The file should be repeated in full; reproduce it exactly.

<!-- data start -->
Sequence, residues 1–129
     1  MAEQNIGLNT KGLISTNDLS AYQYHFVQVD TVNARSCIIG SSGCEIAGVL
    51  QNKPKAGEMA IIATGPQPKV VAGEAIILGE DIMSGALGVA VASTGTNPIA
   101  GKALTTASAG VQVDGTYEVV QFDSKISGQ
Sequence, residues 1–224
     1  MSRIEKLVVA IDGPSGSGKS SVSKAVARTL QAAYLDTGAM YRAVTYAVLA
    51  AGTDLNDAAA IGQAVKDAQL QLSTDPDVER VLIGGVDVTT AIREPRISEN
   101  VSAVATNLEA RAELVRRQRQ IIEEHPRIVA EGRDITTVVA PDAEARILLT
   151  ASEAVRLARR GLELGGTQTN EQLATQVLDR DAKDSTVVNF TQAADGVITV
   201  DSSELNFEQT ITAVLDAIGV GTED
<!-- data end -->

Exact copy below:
Sequence, residues 1–129
     1  MAEQNIGLNT KGLISTNDLS AYQYHFVQVD TVNARSCIIG SSGCEIAGVL
    51  QNKPKAGEMA IIATGPQPKV VAGEAIILGE DIMSGALGVA VASTGTNPIA
   101  GKALTTASAG VQVDGTYEVV QFDSKISGQ
Sequence, residues 1–224
     1  MSRIEKLVVA IDGPSGSGKS SVSKAVARTL QAAYLDTGAM YRAVTYAVLA
    51  AGTDLNDAAA IGQAVKDAQL QLSTDPDVER VLIGGVDVTT AIREPRISEN
   101  VSAVATNLEA RAELVRRQRQ IIEEHPRIVA EGRDITTVVA PDAEARILLT
   151  ASEAVRLARR GLELGGTQTN EQLATQVLDR DAKDSTVVNF TQAADGVITV
   201  DSSELNFEQT ITAVLDAIGV GTED